For so many of us who never grew up with the sport and are still novices to the history of the game in Britain, Hough’s first book gives us a great idea of what it was like growing up during the height of hooliganism is the country.
After his first book came out to great reviews, Hough decided to take his Perry Boys story a bit farther. His new book called Perry Boys Abroad takes a look at the Perry Boys from Hough’s first book; only this time Hough chronicles his own abroad experiences chasing in the height on Manchester’s changing fashions.
But Hough isn’t the only voice in this book. He takes the time to sit down and talk with these Northwest England grafters who made a life for themselves doing all kinds of legal (and sometimes illegal) work to live a different life in the outer corners of the world. This book isn’t so much about the ‘casual’ culture (most of which was centered around fighting at footbal match) at home, but rather what the culture did when they went abroad.
Like Hough said, “if you think casual culture was limited to fighting at football matches, think again.” I was amazed to read how these men gave up everything they knew for the chance to live a life as a relative vagabond, going from country to country, exploring everything they possibly could.
“Post-rave Brits,” as Hough calls them in his book, are few and far between these days. They truly are a dying breed that chased a different lifestyle most of today’s generation would never go after. But for those rare few who still exist in such places as Mexico, America, and Thailand, Hough allows them the chance to tell their story. And I can assure you it’s a story worth reading about.
Ian Hough is a hidden gem when it comes to writers who know British culture. Whilst there are plenty of people out there who can write a book about Manchester United’s history, there are very few who can write about the culture and history of those who sat and witnessed club such as Manchester United in the flesh, and lived to tell the stories in a way that brings you back to your childhood.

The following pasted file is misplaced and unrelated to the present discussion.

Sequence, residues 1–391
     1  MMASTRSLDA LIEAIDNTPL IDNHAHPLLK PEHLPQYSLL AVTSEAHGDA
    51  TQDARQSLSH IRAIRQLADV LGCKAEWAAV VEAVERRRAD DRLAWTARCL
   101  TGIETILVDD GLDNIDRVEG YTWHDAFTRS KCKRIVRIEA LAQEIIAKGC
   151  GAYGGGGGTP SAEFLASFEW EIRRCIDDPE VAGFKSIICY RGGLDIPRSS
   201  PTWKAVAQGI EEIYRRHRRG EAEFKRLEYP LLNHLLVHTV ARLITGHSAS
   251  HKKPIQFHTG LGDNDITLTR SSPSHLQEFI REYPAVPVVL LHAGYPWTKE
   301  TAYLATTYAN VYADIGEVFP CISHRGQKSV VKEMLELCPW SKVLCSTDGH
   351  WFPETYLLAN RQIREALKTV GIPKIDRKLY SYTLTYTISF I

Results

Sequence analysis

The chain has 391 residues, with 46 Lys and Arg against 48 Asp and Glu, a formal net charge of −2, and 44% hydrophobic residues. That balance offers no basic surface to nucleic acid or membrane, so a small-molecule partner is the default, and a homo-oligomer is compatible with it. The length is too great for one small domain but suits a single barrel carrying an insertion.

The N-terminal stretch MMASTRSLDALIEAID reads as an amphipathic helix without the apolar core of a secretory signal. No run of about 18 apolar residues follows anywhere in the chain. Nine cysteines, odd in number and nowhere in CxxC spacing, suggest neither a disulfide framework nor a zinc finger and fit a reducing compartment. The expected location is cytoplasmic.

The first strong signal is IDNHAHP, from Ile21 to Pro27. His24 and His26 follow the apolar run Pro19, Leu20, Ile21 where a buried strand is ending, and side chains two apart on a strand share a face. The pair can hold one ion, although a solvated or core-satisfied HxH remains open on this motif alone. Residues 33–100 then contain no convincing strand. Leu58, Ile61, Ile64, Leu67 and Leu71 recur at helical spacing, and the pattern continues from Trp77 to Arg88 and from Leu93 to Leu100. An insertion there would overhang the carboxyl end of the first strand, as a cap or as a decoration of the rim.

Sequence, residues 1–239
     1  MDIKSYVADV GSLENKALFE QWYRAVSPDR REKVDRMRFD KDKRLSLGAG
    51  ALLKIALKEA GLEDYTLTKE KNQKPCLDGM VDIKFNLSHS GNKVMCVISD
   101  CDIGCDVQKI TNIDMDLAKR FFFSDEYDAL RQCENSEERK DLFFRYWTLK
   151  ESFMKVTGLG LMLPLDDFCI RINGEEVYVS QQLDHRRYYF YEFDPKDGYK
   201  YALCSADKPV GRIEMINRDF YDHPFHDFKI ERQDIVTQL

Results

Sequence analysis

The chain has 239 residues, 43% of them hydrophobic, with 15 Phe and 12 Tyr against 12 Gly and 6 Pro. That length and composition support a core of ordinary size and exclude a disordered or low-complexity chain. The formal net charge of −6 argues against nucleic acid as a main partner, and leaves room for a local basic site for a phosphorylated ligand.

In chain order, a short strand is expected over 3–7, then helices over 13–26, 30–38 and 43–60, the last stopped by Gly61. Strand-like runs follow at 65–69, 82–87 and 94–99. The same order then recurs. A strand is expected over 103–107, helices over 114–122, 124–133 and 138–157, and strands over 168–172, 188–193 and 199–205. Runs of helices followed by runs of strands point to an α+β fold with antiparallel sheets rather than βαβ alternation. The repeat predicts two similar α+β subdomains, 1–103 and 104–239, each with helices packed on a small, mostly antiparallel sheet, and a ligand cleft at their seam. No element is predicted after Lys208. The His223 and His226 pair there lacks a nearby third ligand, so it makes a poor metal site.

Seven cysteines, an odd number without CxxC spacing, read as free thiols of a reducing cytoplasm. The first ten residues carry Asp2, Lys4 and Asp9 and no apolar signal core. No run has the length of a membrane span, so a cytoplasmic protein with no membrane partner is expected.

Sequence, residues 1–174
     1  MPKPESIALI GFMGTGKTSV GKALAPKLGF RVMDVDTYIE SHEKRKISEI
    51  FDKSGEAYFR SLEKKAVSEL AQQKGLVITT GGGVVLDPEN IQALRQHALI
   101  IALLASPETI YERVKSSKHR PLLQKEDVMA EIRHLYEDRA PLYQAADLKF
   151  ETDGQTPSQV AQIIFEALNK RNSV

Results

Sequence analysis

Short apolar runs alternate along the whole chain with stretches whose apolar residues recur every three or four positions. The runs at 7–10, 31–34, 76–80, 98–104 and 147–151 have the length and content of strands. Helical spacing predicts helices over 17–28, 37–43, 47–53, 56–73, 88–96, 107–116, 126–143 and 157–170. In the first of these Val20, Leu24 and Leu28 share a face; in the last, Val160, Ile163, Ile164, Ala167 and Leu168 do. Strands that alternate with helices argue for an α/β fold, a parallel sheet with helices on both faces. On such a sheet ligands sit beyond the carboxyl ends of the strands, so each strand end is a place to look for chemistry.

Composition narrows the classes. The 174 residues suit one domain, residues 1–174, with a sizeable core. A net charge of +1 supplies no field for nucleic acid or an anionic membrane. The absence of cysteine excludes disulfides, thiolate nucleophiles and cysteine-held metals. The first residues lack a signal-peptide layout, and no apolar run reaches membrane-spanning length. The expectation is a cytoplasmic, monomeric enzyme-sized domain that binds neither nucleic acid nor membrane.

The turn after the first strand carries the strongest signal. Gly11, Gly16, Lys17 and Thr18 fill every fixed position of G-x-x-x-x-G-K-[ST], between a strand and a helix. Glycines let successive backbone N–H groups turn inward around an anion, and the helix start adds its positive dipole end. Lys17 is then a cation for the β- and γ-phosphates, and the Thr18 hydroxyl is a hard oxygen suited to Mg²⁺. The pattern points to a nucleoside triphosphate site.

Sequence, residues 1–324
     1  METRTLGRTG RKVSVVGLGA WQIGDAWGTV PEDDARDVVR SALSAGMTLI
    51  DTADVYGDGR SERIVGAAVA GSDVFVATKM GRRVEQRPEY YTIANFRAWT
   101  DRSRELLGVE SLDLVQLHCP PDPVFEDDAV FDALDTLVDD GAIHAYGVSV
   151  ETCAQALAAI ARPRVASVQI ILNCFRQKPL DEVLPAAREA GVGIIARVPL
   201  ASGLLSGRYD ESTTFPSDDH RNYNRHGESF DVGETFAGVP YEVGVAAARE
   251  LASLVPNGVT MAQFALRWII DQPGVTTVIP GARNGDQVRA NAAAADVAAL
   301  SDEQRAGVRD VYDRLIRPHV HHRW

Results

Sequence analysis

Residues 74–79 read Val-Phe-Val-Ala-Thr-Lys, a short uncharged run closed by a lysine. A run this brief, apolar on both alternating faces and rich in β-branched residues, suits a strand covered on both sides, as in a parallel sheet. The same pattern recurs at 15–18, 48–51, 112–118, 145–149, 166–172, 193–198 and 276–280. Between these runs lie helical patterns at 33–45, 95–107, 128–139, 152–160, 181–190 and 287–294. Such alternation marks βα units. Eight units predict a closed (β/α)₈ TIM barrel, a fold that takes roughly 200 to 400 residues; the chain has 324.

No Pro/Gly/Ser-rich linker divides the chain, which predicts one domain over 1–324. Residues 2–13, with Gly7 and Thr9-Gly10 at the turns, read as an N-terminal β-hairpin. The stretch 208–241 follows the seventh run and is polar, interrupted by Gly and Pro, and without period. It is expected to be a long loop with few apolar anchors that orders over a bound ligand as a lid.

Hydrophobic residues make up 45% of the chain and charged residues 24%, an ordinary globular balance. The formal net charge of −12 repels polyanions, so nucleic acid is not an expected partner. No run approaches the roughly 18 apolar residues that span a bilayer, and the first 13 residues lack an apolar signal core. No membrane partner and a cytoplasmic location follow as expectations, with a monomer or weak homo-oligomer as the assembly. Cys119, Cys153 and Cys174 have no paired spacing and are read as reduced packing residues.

If you’ve never heard of the ‘casual’ culture, I emplore you to read Hough’s work to get a better idea of what it was like to live in the Northwest of England (Liverpool and Manchester played an intergal role) during the ‘casual’ culture. There’s more beyond the history of the game than just the football on the pitch. The lads in this book lived a life most of us will never experience. But there’s one way you can live vicariously through their stories, and that’s by reading Hough’s new book.
Favourite exceprt from the book: “Replica football kits were a new fetish item back then. Being poor in 1977, Christmas was my one hope of ever owning one. I remember nervously scrutinising the only red home shirt I ever had like it was a lunar astronaut suit. As the crackers and glasses of sherry made the rounds, I couldn’t believe I’d finally managed it. Mentally obsessed by that stadium and feeling unworthy of the colours, I made my trembling way into the world of Manchester United. I was branded for life, penned in behind those red railings with the other animals, my heart heald aloft on a roasting rod, sacrificed to the immortals who stroked that white leather pill about the park.”